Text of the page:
She is Elder In Residence at knowmore legal service that supports survivors of institutional abuse to obtain redress for what they suffered.
She was also the Aunty in Residence at the National Centre for Indigenous Excellence in Redfern for nine years.
Communications and Marketing
Alicia is a proud descendant of the Darkinjung people. She has a background in fine arts and education. Alicia spent the beginning of her career teaching Visual Arts in a number of high schools across Western Sydney and the Blue Mountains. She now works as a freelance designer and at the University of Western Sydney lecturing for the Bachelor of Design (Visual Communications) degree.
Through her experience as an educator she has developed a strong understanding of the issues and barriers that many youth face. Alicia is a proud advocate for youth of all backgrounds and has a passion for supporting disadvantaged youth to rise up to their full potential.
Using her creative skills, Alicia supports SMTW by designing marketing material for products developed by students participating in the SMTW programs.
Vocational Education Consultant
Helen is a nayri rrala palawa luna, a strong, spirited Tasmanian Aboriginal woman. Residing in Hobart, Helen has had a variety of working experiences in life, and has found her niche in the Vocational Learning area. She currently works in designing programs and strategies to provide differentiated learning for Aboriginal learners in years 9-12, in culturally safe settings. Helen uses her skills and life experiences to work towards elevating life and employment outcomes for Aboriginal youth. She believes in young people, she dreams of equality and she aspires to create an environment for change.
Helen has worked with and in Aboriginal community organisations in Tasmania, and has extensive local and national networks in Aboriginal and Torres Strait Islander and mainstream sectors including Education, Vocational Learning, Industry and Employment, Arts and Music. Her governance experience includes: Vice Chair weetapoona Aboriginal Corporation, Establishing and foundation board member of Music Tasmania, Assistance to Individuals Funding Peer Assessor Arts Tasmania, Department of Education Tasmania Aboriginal Education Reference Group.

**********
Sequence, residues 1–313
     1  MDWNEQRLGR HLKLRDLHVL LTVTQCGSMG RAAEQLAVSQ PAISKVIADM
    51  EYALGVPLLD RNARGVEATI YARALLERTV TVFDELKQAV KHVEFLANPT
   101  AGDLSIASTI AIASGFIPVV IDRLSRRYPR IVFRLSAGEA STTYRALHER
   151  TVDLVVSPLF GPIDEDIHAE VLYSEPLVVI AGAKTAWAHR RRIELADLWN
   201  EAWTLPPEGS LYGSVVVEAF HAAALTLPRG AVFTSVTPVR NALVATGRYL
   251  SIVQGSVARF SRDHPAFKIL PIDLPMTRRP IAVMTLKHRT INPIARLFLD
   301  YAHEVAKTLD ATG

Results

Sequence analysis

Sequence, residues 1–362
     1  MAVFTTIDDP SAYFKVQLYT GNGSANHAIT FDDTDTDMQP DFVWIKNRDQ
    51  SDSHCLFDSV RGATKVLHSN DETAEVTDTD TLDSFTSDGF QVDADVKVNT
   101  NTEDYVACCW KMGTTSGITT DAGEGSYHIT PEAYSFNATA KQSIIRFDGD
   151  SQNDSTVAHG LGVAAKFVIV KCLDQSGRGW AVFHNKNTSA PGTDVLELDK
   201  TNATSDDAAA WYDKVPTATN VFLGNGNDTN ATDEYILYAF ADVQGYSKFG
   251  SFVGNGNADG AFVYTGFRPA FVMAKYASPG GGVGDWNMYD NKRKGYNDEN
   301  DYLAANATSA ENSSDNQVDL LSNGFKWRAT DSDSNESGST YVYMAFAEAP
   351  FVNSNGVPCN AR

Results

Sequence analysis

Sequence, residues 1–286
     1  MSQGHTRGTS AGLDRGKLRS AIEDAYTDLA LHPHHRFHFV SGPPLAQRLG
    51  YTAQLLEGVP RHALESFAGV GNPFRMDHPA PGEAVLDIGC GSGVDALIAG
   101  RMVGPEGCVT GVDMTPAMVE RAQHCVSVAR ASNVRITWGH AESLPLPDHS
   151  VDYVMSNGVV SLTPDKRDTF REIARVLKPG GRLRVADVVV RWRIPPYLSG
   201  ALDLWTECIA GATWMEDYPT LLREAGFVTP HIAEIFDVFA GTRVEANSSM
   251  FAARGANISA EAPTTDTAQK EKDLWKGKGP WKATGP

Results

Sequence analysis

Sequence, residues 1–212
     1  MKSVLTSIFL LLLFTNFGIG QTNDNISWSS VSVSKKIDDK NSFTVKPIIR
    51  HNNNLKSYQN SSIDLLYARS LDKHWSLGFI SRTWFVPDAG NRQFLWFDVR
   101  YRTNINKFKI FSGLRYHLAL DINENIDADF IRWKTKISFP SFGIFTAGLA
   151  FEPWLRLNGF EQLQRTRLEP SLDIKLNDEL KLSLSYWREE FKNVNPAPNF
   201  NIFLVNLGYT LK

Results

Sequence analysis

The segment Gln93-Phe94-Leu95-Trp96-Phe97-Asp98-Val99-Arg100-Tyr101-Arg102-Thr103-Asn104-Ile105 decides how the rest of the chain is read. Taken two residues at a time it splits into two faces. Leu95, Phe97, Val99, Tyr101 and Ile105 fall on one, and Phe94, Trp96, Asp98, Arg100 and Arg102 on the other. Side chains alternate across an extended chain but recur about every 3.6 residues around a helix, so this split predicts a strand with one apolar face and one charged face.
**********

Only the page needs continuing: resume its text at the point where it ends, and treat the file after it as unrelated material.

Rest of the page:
Lindie has been an educator for 25 years having worked in a range of educational settings as a teacher and education consultant. Lindie began her career in South Western Sydney, where she developed a strong understanding of student diversity. She currently works in a distance education setting with students who often have a range of significant support needs and where personalised learning is paramount.
Lindie has worked with students from Aboriginal and Torres Strait Islander backgrounds and a range of culturally and linguistically diverse and refugee backgrounds. In her teaching practice, Lindie has championed equity in and access to education for all students. She brings her expertise in developing learning programmes that align with the National Curriculum to SMTW. Lindie also consults with SMTW on government and school policies and procedures pertaining to their programs.
CEO and Public Officer
Chris has worked extensively in supporting students experiencing disadvantage in accessing education. As well as supervising the design and delivery of film workshops, cutting-edge mentoring environments and face to face events, Chris has been a field producer and lighting cameraman through television and corporate video productions for over thirty years. In 2005 he completed a Masters of Multimedia Design at the University of Sydney.
Chris worked as principal cameraman for ICAM (Indigenous Cultural Affairs Magazine) at SBS in the 1990’s and as producer/director and scriptwriter, he produced “Get It On”, a safe sex education resource video/DVD for Indigenous teenagers for NSW Dept of Education. As producer/director and cameraman Chris also made a fundraising film for the Australian Indigenous Doctors’ Association to raise money for Indigenous secondary students to further their education and get into medicine.
With a film background, Chris has worked on news and current affairs, sports, drama, light entertainment and educational programs for ABC and SBS.
Learn about our history